Louis Abramson, who served as national commander of the Jewish War Veterans of the United States of America and was active in the organization throughout his life, died at the Horsham Center for Jewish Life in Montgomery County on April 19. He was 90.
M.B. Kanis, commander of Drizin-Weiss Jewish War Veteran Post 215 and Abramson’s colleague, said Abramson rose through the ranks of JWV after serving as a sergeant during the Korean War. He became a member of the organization’s Department of Pennsylvania, an officer, a post commander, a commander of the Department of Pennsylvania and eventually the national commander. He was also a post commander after he served his national commander term.
Kanis said Abramson was a peacekeeper among members of JWV, always had a warm smile and was willing to offer guidance and leadership when needed. Members of his post considered him a true friend.
“At any time that I ever spoke to him, he was a mentor,” Kanis said.
Abramson grew up in South Philadelphia and attended Benjamin Franklin High School. His wife, Gloria Abramson, said he was inspired to join the armed forces and support veterans as a boy when his friends and family members returned from World War II with tales of serving their country.
“He was just taken with wanting to do what he could to help the veteran coming back from the service,” Gloria Abramson said. “He had this empathy, the support and devotion to the service people that gave us this freedom.”
When he graduated high school he joined the National Guard and served in Korea. After he was honorably discharged, he remained part of the National Guard and owned a gas station in addition to his career at JWV.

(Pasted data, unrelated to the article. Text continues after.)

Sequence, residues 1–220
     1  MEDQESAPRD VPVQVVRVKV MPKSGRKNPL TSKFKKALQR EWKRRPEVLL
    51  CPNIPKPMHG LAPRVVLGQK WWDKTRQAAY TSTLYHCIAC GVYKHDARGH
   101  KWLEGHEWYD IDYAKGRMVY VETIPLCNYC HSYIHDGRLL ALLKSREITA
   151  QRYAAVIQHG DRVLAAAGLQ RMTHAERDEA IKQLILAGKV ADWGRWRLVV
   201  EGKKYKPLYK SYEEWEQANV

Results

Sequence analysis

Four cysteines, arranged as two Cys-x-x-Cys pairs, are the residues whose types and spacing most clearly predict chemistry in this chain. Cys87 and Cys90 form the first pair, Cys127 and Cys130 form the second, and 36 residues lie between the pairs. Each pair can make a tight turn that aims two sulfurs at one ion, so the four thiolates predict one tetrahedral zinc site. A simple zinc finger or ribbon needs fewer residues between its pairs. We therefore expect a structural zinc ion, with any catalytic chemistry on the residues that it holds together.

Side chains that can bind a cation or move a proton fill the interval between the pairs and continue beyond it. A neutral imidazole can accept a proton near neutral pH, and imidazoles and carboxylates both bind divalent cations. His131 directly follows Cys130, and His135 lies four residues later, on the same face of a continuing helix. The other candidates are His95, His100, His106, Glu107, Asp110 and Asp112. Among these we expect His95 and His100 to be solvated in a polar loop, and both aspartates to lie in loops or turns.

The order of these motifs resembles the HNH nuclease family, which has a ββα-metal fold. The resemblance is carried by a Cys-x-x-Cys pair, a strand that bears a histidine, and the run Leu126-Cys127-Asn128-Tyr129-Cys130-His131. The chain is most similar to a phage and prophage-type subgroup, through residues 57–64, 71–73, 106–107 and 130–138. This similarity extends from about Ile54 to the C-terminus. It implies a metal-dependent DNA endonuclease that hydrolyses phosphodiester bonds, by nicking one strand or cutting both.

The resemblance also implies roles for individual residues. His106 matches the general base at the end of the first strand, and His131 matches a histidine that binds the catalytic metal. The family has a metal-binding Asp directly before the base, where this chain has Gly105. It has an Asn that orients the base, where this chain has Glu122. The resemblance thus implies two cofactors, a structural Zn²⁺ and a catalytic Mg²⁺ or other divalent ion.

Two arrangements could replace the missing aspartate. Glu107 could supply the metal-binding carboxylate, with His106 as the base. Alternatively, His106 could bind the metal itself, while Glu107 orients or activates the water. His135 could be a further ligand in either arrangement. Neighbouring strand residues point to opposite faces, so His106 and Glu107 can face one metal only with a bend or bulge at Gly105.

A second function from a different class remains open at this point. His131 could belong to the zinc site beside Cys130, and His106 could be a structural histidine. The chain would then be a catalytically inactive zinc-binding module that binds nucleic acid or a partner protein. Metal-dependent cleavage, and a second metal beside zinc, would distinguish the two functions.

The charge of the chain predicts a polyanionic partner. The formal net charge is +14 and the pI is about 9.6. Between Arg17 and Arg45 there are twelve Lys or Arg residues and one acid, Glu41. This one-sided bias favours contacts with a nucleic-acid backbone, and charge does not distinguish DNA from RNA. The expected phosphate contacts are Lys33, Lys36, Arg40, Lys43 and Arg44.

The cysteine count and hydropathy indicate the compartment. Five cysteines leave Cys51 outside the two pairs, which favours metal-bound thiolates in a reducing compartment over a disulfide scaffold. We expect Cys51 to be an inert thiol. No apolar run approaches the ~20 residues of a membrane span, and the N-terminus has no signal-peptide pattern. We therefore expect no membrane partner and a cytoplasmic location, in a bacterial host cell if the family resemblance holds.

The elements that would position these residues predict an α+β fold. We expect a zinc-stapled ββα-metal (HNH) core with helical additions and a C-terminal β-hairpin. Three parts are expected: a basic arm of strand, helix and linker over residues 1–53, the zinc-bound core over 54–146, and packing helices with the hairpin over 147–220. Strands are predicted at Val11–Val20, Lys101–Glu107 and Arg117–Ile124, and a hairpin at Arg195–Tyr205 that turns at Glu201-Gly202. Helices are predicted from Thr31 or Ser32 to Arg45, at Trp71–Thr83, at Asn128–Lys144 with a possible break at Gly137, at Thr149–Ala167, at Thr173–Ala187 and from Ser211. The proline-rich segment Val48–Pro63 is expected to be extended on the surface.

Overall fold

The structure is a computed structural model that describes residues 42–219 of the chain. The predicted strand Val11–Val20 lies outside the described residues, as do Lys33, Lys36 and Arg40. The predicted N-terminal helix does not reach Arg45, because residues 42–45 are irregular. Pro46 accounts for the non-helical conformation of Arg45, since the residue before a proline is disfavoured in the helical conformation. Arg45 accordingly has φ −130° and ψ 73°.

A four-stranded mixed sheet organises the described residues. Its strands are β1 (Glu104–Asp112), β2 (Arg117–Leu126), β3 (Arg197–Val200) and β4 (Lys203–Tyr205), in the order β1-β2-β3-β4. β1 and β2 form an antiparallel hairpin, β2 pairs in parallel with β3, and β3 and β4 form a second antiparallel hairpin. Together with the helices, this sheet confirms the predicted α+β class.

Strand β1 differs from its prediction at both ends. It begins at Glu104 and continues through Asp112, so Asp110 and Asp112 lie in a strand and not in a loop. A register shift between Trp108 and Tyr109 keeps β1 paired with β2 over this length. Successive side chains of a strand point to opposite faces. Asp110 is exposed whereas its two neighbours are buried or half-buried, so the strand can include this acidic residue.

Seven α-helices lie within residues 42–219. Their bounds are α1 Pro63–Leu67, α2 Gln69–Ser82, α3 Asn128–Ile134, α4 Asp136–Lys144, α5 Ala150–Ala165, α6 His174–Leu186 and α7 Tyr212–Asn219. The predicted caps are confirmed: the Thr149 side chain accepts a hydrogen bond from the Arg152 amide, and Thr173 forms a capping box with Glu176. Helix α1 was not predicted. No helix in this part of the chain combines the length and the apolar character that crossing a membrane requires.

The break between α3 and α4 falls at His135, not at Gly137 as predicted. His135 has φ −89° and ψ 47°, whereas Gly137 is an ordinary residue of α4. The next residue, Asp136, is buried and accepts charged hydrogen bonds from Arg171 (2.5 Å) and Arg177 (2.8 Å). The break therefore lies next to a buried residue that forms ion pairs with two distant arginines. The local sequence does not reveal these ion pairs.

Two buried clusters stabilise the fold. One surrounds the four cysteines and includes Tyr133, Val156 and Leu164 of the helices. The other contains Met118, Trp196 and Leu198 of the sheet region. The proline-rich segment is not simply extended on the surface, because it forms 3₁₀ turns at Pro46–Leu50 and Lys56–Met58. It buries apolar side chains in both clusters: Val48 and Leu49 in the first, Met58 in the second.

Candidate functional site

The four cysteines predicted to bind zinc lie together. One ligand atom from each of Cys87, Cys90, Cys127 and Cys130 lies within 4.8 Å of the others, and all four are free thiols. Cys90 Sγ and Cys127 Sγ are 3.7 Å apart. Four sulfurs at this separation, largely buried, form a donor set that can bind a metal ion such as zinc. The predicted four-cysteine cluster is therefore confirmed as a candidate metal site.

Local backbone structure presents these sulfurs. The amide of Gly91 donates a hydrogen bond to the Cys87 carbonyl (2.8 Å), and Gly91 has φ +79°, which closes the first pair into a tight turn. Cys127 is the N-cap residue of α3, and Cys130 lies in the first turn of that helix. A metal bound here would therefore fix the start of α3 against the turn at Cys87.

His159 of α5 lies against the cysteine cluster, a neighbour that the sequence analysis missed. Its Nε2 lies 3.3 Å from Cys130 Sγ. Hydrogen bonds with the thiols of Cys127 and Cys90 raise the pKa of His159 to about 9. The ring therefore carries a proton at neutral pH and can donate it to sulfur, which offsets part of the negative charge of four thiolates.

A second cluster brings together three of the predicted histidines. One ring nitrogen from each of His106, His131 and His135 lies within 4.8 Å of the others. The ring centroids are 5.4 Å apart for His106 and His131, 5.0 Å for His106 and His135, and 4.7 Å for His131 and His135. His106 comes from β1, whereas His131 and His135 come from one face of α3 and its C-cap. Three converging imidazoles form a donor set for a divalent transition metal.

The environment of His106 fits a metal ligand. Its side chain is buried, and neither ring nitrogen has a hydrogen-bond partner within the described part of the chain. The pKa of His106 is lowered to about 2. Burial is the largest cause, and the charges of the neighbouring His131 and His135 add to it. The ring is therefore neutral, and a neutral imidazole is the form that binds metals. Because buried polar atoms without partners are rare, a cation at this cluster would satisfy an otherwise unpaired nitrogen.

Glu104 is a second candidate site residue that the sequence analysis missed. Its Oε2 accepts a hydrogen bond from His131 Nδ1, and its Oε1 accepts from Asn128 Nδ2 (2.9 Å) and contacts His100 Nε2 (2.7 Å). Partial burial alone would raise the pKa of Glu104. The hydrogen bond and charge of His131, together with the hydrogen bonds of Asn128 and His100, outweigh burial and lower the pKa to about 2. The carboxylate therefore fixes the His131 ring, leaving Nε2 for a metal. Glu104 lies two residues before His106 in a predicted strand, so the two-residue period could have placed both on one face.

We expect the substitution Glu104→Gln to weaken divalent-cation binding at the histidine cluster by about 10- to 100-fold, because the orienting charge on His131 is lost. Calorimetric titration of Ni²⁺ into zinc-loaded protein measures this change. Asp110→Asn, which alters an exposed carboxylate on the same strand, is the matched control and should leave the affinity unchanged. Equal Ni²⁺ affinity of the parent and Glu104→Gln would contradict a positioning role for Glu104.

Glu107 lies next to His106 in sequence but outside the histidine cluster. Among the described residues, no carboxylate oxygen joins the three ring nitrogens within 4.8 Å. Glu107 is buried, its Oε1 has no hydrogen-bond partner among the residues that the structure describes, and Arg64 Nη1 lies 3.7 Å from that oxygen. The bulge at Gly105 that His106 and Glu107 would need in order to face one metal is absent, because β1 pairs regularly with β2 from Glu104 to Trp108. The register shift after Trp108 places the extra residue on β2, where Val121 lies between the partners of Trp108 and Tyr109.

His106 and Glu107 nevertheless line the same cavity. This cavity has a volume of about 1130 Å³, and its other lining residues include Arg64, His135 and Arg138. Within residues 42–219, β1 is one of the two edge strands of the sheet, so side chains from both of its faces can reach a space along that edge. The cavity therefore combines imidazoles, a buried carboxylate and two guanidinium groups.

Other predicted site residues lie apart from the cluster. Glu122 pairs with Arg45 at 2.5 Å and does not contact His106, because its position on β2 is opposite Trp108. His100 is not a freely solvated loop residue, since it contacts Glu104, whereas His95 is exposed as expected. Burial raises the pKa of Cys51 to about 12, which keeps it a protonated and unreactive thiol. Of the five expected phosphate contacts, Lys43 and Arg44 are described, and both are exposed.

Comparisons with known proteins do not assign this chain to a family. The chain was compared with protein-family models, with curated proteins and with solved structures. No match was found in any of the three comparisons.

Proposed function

He was married for 70 years and had three daughters. He and his wife were childhood sweethearts and grew up in South Philadelphia together before living in Mt. Airy for 25 years and then in Warminster for 42 years. They celebrated the 75th anniversary of their first date in early April.
Gloria Abramson said much of her husband’s work involved advocating for the families of service members. Later in his life, most of his projects centered around helping families of deceased veterans understand the benefits to which they were entitled.
During his time as national commander, he traveled across the country and to Europe to advocate for veterans with his wife and brother, Allan Abramson, who was his chief of staff. He laid the wreath at the Tomb of the Unknown Soldier with President George W. Bush, and was invited to attend the president’s inauguration and inaugural ball.
“I remember him calling me and saying, ‘We’re going Tuesday morning to have breakfast with the president,’” Gloria Abramson said.
In addition to his positions at JWV, Lou Abramson was a member of the American Legion Post 166 and AMVETS Post 77.
Religion and the Jewish community were important to him. He was president of Congregation Tiferes B’nai Israel, where he received the Man of the Year award. He was active in his posts’ Holocaust education programs and regularly visited churches and community centers to speak about the topic alongside concentration camp liberators and survivors.
His relatives remember him as a dedicated family patriarch. Gloria Abramson said he was a grandfather of 14, counting spouses of grandchildren, and a great-grandfather of 10. He was preceded in death by his eldest daughter, Brenda Fineberg, and son-in-law Rick Ryan.
Gloria Abramson said her husband was by her side when she had an amputation in 2015. Although she recovered from the procedure, it took a toll on both of them.
“There was a time when it was not good, and he was there by my side, and he never went home. He just slept on a chair in the room where I was,” she said.
At the end of his life, Louis Abramson lived at Horsham Center for Jewish Life in a room close to his wife. Even during the pandemic, they were able to watch TV and eat meals together. She said he died peacefully in his sleep after contracting pneumonia and experiencing organ failure.
His funeral, which was held at King David Memorial Park in Bensalem on April 22, drew more than 250 mourners on Zoom.
“They kept referring to him as a mensch,” Gloria Abramson said.
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